I’ve Just Signed My Estate Plan, Now What?


15 Jun
15Jun

First off, congratulations! Estate planning takes a lot of work and can be a bit of an emotional rollercoaster, but you’ve made it. Your new estate plan should serve you and your family well, but you might be wondering if there are any next steps you might need to take. Let’s look at what you should do in the short and long term to make sure your legacy is secure and nothing falls through the cracks. 

Saving (and Sharing) Your Estate Planning Paperwork

Your estate plan contains many important documents, so it is essential that you store your plan properly. Where to start:   

  • Keep your plan in a secure location (or with your attorney). It is essential that your documents are not exposed to water, fire, pets, or little kids! Our office houses many estate plans in a locked, fire-proof cabinet to ensure that our clients’ documents are protected from the elements and theft. Do not keep your estate plan in a safe deposit box – your fiduciaries will need the documents inside to gain access to it!
  • Tell your loved ones where to find copies and how to access the originals. If you have a binder with copies of your estate plan, make sure that your loved ones know where it is located in your home. You should also be sure to keep your attorney’s contact information with the documents, so your family knows who to contact in an emergency or after a death.
  • Share your plan electronically. Because estate planning documents do not typically contain social security numbers, account numbers, or other identifying information, you can safely email them to your fiduciaries. If you are comfortable doing so, it can be wise to send your fiduciaries PDF copies of your estate plan to ensure that they have access to the documents in an emergency. You should keep a password-protected file on your PC or cloud service with your documents for easy access and share the password with your fiduciaries.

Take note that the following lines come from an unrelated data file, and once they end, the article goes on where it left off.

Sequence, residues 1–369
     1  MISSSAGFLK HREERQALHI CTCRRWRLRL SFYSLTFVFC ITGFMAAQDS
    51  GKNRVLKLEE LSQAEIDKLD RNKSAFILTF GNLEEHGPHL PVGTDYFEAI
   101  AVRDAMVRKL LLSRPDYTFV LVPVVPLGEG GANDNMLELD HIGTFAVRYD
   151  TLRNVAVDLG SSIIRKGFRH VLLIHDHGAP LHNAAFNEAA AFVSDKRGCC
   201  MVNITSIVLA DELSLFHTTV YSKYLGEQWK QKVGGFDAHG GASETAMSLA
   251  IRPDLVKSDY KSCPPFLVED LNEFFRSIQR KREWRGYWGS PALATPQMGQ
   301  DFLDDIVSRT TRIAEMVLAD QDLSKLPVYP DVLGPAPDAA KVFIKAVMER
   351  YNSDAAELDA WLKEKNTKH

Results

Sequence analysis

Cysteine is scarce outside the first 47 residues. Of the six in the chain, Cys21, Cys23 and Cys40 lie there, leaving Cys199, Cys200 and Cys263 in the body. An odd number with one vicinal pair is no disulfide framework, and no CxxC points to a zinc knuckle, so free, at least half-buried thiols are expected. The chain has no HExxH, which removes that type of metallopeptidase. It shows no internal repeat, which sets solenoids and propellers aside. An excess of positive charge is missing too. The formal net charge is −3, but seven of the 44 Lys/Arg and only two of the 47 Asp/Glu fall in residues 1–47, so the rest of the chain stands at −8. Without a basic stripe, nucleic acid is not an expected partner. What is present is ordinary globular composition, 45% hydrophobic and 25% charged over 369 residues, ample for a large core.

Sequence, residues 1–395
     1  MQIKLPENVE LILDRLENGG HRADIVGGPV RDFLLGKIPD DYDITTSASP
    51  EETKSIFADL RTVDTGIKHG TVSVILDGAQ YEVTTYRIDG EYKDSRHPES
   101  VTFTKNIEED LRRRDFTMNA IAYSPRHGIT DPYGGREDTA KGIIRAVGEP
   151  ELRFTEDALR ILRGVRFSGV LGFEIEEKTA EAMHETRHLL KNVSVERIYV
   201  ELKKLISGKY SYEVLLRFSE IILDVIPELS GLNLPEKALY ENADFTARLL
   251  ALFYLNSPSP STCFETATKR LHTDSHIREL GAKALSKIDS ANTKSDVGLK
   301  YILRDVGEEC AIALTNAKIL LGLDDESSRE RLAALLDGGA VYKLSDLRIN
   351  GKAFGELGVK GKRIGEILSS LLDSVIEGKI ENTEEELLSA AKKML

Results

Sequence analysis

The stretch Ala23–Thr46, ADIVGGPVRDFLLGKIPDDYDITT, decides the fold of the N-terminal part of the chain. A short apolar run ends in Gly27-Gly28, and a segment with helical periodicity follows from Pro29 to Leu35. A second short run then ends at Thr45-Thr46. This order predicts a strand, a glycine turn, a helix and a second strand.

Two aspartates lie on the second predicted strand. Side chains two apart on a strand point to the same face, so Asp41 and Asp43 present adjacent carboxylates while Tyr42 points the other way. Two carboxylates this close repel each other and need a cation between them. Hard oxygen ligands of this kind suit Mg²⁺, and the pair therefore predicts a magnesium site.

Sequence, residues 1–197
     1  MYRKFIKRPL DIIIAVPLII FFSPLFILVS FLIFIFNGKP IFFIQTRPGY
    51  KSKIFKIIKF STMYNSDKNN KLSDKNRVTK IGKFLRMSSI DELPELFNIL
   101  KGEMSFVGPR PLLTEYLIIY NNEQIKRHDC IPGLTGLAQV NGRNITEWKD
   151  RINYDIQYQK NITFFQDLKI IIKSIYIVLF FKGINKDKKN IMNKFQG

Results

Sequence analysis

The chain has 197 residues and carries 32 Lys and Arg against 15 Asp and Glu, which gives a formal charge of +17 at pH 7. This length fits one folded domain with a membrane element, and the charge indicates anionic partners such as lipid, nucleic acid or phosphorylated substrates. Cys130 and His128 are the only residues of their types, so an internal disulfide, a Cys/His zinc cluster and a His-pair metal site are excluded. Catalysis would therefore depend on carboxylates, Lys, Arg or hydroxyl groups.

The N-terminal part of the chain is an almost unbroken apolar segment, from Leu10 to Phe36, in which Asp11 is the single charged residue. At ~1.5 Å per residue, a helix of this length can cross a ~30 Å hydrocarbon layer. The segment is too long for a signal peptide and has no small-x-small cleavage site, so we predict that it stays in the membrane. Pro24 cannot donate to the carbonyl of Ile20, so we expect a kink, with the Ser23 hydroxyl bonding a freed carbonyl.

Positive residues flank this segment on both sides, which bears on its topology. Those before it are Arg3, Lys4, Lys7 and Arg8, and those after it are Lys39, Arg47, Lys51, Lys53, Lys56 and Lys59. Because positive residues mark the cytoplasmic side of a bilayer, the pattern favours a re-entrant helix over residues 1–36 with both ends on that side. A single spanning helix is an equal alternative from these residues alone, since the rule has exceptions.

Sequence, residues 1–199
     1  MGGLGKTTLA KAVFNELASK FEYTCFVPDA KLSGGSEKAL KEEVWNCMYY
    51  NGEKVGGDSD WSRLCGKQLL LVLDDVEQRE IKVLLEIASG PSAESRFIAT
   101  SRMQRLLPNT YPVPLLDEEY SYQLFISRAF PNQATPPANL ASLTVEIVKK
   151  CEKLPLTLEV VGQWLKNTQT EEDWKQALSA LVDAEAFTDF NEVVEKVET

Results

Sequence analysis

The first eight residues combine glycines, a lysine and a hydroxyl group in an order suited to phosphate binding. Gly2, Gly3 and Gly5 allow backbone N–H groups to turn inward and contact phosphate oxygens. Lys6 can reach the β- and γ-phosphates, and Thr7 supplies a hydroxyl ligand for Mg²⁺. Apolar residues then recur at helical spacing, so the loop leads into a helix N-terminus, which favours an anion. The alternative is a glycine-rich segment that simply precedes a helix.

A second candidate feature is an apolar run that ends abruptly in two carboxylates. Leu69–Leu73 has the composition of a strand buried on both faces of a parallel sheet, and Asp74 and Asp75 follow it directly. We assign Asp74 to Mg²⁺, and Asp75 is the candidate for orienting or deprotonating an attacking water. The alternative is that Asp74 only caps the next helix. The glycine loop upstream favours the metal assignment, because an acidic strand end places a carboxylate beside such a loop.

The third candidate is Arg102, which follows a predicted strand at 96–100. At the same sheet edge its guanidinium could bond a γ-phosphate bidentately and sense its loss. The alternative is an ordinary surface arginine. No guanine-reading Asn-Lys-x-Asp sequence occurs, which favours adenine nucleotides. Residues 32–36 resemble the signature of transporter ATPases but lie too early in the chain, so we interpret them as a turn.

• Give your incapacity documents to your primary care physicianIf you are ever rushed to the hospital, it is important that your family can find your incapacity documents. In addition to emailing copies of your Health Care Proxy, HIPAA Waiver, and Living Will to your agents, I recommend providing a copy to your PCP so that the office can fax a copy to the emergency room if needed.

Your Estate Plan is a Living Document

Over the course of your life, your needs, goals, and fortunes will change, particularly if you have young children. Your estate plan is a snapshot of your life – your assets, beneficiaries, and priorities of the moment, so it makes sense to revisit it from time to time. I reach out to my clients about every three years to review the plan to ensure that changes are made in a timely manner. You should reach out to your estate planning attorney whenever some major change occurs in your life, too, such as changing assets (like a new home), beneficiaries (divorces or marriages in the family), or your family’s goals. 

Additional Legal Documents to Think About

Many basic estate plans contain a Will, Health Care Proxy, and Durable Power of Attorney. It’s common for clients to think they have completed their estate plan with these three documents, but that is simply not the case! It’s critical to have a HIPAA Waiver and Living Will to accompany your incapacity documents to ensure that your Agents have access to your medical information and wishes. 

Revocable Trusts in Massachusetts

Young families looking to preserve as many assets for their children as possible must implement Revocable Trusts to avoid the probate process and reduce Massachusetts estate tax liability. Robust guardianship planning, both long term and short term, is essential when there are young children. If your plan doesn’t contain all of these pieces, there is more that can and should be done to protect your family. 

If you need assistance with your current estate plan, refreshing an old one, or just want a second pair of eyes focused on helping young families with estate planning in Massachusetts and dealing with the emotional parts of estate planning, the Law Offices of Amanda L. Mulhall are here for you. Schedule a consultation today, and I’ll help answer any questions you might have.